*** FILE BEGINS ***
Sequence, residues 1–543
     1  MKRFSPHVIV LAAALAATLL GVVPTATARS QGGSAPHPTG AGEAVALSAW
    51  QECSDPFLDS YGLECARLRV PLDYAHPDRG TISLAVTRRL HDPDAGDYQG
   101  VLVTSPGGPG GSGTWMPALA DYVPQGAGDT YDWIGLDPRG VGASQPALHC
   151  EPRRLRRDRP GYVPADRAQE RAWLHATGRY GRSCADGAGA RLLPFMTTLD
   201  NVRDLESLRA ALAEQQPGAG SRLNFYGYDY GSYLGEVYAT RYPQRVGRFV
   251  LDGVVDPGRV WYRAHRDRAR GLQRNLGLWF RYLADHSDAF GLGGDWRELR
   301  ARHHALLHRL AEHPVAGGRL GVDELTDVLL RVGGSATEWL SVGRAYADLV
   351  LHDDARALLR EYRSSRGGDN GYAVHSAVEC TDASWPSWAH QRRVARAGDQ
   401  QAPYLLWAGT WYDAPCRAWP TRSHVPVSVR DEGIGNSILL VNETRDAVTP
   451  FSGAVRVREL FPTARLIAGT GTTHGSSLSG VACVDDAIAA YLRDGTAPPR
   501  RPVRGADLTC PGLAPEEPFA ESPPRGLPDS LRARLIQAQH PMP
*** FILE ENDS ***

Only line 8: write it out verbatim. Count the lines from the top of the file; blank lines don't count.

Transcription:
   301  ARHHALLHRL AEHPVAGGRL GVDELTDVLL RVGGSATEWL SVGRAYADLV